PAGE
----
In contrast to when Jesus tells a parable to defend the woman who anoints his feet, Zacchaeus defends himself (Lk 19:8). As he leads Jesus and his disciples to his house, Zacchaeus literally “stood”, stopping all movement forward, to deny publicly the accusations against him. First, he speaks in the present tense, not in the future tense as it is translated in English: “Look, Lord, I give half of my goods to the poor.” The present tense in Greek has the sense of a repeated, ongoing practice.
Second, Zacchaeus uses a conditional clause: “If I have defrauded any one” which does not mean he has defrauded anyone consciously but if he discovers he has defrauded someone, he has an amazing plan. He will restore “fourfold,” that is, 400 per cent.
Jesus declares Zacchaeus “a son of Abraham” and as belonging to the reign of God for: “Today salvation has come to this house” (Lk19:9). These words echo those at the beginning of his ministry when Jesus declares that “today” the prophecy of Isaiah (Is 61:1–2 ) was being fulfilled, and also Jesus’ words to the dying thief: “Today you will be with me” (Lk 23:43).
Appearances are Deceptive
Zacchaeus, the rich chief tax collector, is perceived by the people to be corrupt yet he is found to be with those who follow Jesus by giving the poor what is rightly theirs (Lk 6:30–31, 38; 18:22) and by doing works of mercy (Lk 11:41; 12:33 eleēmosunē, derived from eleos mercy). In contrast, the pious, rich ruler perceived to have kept all the commandments, cannot sell what he owns and give to the poor (Lk 18:22). And lurking in the background are the grumbling ones also in need of conversion. Is it I, too, the reader?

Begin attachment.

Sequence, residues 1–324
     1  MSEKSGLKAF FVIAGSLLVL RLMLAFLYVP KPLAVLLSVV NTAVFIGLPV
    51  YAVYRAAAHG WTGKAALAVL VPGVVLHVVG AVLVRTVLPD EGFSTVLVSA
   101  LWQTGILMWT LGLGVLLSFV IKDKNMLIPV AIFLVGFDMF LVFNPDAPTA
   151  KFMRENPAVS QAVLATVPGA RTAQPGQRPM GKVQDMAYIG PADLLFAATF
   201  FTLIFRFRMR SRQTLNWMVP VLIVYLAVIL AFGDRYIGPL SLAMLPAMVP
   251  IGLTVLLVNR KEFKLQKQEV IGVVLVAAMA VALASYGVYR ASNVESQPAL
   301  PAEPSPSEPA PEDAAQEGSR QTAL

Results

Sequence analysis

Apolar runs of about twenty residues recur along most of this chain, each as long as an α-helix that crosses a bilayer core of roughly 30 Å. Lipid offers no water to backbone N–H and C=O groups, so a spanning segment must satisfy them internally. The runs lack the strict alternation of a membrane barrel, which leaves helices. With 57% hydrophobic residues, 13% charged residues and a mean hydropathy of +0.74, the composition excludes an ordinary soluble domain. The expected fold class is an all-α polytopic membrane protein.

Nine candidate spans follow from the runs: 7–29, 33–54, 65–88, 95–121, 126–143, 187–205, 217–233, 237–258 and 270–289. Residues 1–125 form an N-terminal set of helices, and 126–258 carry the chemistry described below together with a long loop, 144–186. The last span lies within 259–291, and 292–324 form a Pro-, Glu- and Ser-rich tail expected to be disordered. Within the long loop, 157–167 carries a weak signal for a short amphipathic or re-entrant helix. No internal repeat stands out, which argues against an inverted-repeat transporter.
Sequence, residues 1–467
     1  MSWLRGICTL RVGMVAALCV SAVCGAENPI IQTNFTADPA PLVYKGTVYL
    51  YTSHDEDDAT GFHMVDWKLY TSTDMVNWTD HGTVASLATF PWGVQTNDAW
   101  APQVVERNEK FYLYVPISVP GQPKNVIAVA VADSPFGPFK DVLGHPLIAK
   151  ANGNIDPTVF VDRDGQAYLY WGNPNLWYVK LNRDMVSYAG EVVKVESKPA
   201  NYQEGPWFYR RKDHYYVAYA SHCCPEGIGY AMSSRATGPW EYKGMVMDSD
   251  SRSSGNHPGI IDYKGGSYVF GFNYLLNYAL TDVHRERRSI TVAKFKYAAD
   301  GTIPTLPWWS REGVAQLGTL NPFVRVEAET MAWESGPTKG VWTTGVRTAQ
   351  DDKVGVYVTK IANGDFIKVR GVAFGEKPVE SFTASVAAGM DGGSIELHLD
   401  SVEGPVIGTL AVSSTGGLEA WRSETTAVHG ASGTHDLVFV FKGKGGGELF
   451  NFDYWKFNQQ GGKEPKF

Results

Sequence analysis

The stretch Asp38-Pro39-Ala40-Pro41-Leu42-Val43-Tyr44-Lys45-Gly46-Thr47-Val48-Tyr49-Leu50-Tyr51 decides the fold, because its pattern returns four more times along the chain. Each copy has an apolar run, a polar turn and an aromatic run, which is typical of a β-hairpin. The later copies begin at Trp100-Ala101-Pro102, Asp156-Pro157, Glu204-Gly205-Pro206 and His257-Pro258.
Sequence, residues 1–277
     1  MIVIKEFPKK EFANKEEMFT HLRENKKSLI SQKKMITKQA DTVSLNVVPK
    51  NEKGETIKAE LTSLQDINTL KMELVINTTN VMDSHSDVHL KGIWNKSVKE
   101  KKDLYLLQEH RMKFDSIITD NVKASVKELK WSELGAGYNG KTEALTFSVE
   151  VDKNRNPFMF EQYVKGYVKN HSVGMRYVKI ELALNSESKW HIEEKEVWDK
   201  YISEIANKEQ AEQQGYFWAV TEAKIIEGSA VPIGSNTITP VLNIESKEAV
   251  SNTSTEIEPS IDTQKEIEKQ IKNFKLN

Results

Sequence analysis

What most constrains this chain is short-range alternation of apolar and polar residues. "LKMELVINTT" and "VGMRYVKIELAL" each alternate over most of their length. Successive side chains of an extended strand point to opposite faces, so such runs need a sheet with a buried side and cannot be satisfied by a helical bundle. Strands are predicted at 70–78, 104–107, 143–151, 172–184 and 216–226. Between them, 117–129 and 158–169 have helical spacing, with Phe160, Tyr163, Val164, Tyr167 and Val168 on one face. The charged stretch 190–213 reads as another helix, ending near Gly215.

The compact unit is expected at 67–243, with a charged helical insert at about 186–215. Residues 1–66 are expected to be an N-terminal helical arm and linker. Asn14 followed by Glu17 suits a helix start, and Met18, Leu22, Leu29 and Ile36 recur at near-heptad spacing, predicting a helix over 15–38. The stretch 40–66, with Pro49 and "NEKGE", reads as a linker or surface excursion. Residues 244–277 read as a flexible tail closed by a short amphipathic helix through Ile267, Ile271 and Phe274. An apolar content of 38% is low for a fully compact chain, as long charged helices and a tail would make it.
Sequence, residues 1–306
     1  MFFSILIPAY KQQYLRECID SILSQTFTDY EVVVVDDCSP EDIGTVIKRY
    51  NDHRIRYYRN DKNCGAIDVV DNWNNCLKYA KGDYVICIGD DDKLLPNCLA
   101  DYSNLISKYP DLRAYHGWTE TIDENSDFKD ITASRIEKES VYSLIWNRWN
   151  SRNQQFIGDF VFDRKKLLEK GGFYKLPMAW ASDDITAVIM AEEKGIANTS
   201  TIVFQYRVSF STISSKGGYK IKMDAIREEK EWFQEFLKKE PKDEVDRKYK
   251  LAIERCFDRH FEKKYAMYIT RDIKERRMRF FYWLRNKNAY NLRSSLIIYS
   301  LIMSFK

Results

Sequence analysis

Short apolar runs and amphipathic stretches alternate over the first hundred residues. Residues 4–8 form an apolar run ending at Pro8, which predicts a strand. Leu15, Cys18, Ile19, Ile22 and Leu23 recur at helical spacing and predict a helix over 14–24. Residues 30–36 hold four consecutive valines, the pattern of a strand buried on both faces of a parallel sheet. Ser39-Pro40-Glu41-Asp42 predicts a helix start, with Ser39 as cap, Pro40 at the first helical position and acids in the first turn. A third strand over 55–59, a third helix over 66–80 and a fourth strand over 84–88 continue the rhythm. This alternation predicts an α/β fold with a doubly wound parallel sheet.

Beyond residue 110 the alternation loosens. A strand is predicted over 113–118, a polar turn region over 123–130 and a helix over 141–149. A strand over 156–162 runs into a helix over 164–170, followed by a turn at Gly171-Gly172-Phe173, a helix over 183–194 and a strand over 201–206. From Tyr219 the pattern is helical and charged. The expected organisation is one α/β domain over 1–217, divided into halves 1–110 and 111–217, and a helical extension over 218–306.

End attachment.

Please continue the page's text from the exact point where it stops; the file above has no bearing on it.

An Amazing Plan for Today
Zacchaeus’s amazing plan to restore 400 per cent resonates with one of the radical challenges in Pope Francis’s Laudato Si’ on Care for Our Common Home. Francis calls for a new global order in which the massive unpaid debts owed by the wealthiest, resource-greedy countries will be balanced against the development debts of the majority world. Francis describes the inequity that “affects not only individuals but entire countries”. He speaks of “a true ‘ecological debt’ [which] exists between the global north and south, connected to commercial imbalances, with effects on the environment; and the disproportionate use of natural resources by some countries over long periods of time ... The developing countries, where the most important reserves of biosphere are, continue to fuel the development of richer countries” (LS par 51–52).
There is no room for the globalisation of indifference. Francis speaks of differentiated responsibilities regarding climate change. We in developed countries must limit consumption and pay our debts to poorer countries by supporting policies and programmes for sustainable development.
In contrast to the biblical world view of
limited goods, outlined previously, the dominant world view today is
underpinned by a global order of neoliberal capitalism, exploitation of
resources and greed. Like Zacchaeus, who stood up and declared his stand, we
need to take a stand, no matter how small we feel, and state how in our actions
— using the present tense — we respond to the cry of the poor and the cry of
earth and declare that we too have an amazing plan: “If I have defrauded
Published in Tui Motu Magazine. Issue 209, October 2016.